The impact of the model on individual behavior can be reduced to two primary observations. First, studies have found that there is a positive correlation between stress at work and increased smoking. To this end, in a study with study participants from a socioeconomically and occupationally homogeneous group consisting of 163 employees of a large industrial company, the relationship between psychosocial work stress and cigarette smoking was analyzed. The probability of belonging to the group of regular smokers in the presence of a poor work effort-reward ratio is more than four times as high (4.34) as in the absence of this imbalance . Prolonged stress leads to dysfunction of the mesolimbic dopamine system, which stimulates addictive behavior. In another cross-sectional study in the metalworking industry, the relationship between effort-reward imbalance and increased alcohol consumption was confirmed. The desire to relax and switch off from everyday life is also of great relevance, as both points are addressed in the Effort-Reward-Questionnaire .
Further health consequences
Another effect of Effort-Reward Imbalance is hypertension. Hypertension leads to an absence of disease, which means that the body works in survival mode in stressful situations, preventing infections. Once this work-related stress situation is overcome, this protective mechanism of the body is abruptly shut down and the retained infections break out in a worse form . Furthermore, in the meta-analysis by Faragher et al. correlations of and were found for the association of job satisfaction with employee self-esteem and anxiety .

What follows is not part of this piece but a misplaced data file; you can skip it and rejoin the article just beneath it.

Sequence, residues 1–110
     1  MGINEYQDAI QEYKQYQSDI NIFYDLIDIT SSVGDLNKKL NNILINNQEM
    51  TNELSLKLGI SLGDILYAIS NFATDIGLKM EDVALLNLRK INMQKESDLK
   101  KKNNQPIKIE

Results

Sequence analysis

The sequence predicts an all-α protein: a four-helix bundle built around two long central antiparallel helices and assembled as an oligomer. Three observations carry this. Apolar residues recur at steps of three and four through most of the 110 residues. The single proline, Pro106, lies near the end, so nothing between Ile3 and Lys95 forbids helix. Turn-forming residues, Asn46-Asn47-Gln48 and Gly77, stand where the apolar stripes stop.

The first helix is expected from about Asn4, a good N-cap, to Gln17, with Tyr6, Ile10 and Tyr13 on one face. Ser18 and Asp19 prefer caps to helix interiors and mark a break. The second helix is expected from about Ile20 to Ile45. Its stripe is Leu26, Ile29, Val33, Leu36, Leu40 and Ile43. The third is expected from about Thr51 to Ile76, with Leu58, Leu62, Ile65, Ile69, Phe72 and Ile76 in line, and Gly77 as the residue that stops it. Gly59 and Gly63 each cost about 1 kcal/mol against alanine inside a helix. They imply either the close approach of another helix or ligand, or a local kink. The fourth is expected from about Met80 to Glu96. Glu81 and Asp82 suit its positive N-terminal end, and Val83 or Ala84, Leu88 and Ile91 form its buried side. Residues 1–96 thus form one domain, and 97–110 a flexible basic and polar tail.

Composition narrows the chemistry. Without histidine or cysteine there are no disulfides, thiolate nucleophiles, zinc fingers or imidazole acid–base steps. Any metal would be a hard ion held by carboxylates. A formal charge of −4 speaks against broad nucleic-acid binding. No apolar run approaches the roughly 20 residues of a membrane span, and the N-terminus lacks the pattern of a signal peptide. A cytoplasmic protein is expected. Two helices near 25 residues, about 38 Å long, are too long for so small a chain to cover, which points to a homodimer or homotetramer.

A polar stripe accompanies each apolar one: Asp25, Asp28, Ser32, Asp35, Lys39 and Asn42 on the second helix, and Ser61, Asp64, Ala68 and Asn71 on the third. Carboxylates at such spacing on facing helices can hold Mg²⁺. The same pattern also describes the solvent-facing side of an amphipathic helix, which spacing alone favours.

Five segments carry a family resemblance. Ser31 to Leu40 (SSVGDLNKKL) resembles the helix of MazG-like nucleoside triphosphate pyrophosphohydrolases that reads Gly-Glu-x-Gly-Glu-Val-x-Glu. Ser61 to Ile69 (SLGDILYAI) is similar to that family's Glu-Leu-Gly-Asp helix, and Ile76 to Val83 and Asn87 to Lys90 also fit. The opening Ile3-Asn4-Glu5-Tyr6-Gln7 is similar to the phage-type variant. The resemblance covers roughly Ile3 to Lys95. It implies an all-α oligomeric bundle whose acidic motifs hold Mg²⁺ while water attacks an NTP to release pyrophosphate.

Project managers can use the ERI model as a useful guide. The model can help design and manage projects in a way that promotes employee well-being and productivity.
Possible implications for project managers include:
- Rewards As a project manager, ensure that the rewards of the project are clearly defined. Each project member needs to know what they are working towards and what they will receive in return for their efforts and effort in contrast. This includes monetary rewards such as salary and benefits but also intangible rewards such as recognition and opportunities for growth, advancement and development.
- Transparency Be clearly defined and transparent about the effort of the project being worked on. Project participants must have a clear understanding of the effort and results expected for the project. Realistic goals, milestones, and deadlines must be set and the appropriate resources and support needed to achieve them must be provided. By doing these two things, the effort and reward of the project will be calculable for each project member.
- Workload The project manager must ensure that the workload is feasible. Overloading the staff will result in an imbalance of effort and return and may lead to the health consequences described. Accordingly, the workload must be appropriate and distributed among enough project members. It is important to select the right number of project members to make this goal feasible.
- Engagement As a project manager, it is important to involve and engage the project members in the project. If all members feel that they are responsible for their work and can control it themselves, the personal reward in the form of feelings of happiness when the project is successful is also increased. This leads to a more positive relationship between effort and return. It is important to encourage project members to participate in decision-making and problem-solving processes and to give them the opportunity for feedback and suggestions.
- Development The project manager should always make the project members feel that they have the opportunity to develop, grow and strengthen their skills through the project. Employees who feel that they are growing in their role are more likely to be satisfied have a better effort to reward ratio. The project manager should also provide training and development opportunities.